Working titles of individual sculptures (pictured from left to right): Father, Son and Holy Ghost; Not in My House; I Promise Not to Tell; Imaginary Friend; My Sister the Saint; My Brother the Favorite; Unconditional Love; Don’t Rock the Boat; Mystical Communion; Speak No Evil; Happy Family; Dear Diary; Portrait of An Artist
Covid is shit. Californians are shit. I’m still trapped at home. Losing money. To make extra money I’m building a new online shop called Bad@Crafts. Stay tuned for the launch. Coming soon. Dear California: Please wear a mask. Please social distance. Thank you to my California friends and neighbors who are following Covid-19 safety protocols. Fuck you to all the other Californians who are not.
I’ve been organizing a weekly check-in for friends every Friday night since March 27. These recordings are a part of the KCHUNG.news project. Some of the chats are archived at Margie.LA and I will be uploading more soon! Please contact me if you would like to participate in the chats and I will send you an invite.
Sadly the ceramic studio has been closed since mid-March. I was just a few days away from finishing these two sculptures when we were ordered by the district not to return. The working title of this first piece was “The Doors of Perception”. Parts of the interior structure are visible through a series of openings. The title was inspired by the Aldous Huxley book about the author’s experiences taking the psychedelic drug mescaline. Some folks have said the sculpture reminds them of ant colonies. I thought it might be good as an outdoor garden sculpture – providing a safe shelter where bees could make their nests and breed. Maybe now once it’s fired and finished I will call it Girl Interrupted?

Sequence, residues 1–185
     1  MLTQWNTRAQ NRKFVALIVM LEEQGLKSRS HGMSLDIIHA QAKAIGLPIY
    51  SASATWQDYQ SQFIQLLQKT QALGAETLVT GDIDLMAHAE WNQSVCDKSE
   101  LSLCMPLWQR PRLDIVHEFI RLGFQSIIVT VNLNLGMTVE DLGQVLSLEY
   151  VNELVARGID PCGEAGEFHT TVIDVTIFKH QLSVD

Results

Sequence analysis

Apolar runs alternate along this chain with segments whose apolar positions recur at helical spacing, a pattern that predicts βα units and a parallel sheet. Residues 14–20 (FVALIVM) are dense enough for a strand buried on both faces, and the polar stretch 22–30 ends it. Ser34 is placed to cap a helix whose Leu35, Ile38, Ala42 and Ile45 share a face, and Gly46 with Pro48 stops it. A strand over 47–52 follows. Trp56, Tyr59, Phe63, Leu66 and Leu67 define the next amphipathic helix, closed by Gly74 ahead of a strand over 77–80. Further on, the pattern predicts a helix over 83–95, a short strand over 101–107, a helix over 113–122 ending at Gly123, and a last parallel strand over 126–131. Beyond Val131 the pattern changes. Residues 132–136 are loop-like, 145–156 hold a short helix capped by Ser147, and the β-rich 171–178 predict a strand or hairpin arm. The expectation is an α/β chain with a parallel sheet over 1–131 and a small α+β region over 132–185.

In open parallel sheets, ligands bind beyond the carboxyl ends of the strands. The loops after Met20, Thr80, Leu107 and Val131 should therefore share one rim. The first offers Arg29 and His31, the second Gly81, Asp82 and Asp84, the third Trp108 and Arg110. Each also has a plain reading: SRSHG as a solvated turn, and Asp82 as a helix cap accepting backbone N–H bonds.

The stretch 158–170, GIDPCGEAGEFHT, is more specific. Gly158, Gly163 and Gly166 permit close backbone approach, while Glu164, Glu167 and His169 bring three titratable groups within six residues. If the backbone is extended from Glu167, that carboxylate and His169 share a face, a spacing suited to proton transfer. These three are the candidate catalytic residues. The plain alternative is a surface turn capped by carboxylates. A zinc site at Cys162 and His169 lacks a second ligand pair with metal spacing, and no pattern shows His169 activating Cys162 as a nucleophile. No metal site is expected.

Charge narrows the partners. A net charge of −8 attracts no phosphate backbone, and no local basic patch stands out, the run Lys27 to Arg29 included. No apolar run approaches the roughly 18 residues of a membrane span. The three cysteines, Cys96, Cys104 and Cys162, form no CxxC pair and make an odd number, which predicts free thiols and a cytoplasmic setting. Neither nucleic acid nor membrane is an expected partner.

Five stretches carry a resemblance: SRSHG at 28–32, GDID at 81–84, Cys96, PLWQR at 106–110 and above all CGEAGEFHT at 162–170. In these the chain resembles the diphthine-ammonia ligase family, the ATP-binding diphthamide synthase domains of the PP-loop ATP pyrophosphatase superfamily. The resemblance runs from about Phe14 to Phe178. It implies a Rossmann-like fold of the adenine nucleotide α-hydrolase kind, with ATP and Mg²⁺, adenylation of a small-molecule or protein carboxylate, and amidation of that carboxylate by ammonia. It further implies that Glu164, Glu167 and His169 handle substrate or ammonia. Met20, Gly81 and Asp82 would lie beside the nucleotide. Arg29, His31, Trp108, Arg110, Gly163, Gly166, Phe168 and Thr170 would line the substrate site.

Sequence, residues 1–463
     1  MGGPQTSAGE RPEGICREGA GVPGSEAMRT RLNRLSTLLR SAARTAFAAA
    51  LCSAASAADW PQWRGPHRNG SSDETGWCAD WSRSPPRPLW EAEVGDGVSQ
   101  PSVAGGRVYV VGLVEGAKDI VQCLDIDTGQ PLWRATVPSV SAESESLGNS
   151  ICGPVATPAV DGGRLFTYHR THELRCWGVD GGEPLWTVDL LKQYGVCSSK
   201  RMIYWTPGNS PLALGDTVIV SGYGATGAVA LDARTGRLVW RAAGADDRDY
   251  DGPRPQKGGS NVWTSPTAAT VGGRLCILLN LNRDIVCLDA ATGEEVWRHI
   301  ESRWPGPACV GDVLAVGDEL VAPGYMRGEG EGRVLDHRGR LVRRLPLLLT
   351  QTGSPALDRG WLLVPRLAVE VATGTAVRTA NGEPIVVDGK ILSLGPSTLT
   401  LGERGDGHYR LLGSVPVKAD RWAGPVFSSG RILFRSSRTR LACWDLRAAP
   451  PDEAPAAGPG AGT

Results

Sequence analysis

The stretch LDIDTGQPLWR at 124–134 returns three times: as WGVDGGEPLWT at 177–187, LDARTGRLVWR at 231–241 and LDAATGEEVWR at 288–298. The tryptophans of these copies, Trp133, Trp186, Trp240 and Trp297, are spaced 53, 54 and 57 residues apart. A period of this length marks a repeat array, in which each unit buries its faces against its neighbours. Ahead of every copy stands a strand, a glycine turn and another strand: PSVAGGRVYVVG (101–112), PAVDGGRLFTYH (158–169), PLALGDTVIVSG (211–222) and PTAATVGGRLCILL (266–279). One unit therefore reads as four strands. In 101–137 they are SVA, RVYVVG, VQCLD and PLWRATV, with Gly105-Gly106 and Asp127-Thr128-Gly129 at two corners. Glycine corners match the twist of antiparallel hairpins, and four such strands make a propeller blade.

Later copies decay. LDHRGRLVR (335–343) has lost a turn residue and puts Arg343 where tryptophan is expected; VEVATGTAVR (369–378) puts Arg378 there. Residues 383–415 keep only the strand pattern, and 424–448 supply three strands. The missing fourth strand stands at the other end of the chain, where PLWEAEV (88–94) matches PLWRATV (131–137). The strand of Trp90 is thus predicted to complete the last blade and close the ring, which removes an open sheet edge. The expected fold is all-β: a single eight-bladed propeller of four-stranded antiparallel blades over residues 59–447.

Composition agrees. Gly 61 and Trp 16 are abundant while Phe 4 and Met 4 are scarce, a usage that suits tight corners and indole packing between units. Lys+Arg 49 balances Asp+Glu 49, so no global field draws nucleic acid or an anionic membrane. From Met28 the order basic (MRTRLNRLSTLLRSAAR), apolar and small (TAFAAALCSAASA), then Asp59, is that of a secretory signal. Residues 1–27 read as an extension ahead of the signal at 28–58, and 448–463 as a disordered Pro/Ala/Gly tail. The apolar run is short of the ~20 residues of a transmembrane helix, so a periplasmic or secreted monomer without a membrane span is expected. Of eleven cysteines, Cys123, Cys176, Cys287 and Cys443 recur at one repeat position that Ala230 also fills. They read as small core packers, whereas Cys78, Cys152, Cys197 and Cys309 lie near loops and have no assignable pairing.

The working title of this piece was Binge. I was thinking a lot about Masoud as it was in the month of March two years ago that I found out that he had been dead for nearly three years. At that time I had just started taking classes at ELAC Ceramics. Same as when I was in my early twenties, working with clay helped me heal emotional wounds and transformed my life. Masoud loved the band Gorillas. We listened to a lot of Gorillas together and I never listened to their music until I met him. I became a fan. There was a young guy in the studio who was always playing Gorillas songs on his phone while he was working. The song To Binge is one of my favorites. It’s such a hauntingly beautiful song. Impossible love? Drug addiction? Cau-au-au-aught again. Maybe now I will title the sculpture Coitus Interruptus?
I ran into my ceramics teacher at Trader Joe’s the other day and he said that he would save my work and fire it. It’s possible that we may not be back in the studio until Spring 2021. Seems like forever. I also have 2 more completed pieces that have been slowly drying since December 2019. They are loaded in the kiln but have not been fired yet. I don’t have a photo of the pieces in the kiln but I have this photo from the day I finished building them. These are each around 40 inches tall. They will shrink 10 percent after firing. As of yet they are untitled. But just now in my head I hear the words Sodom and Gomorrah. So maybe this is what I will call them.
Many thanks to my ceramics teacher Chris Turk for all of his support!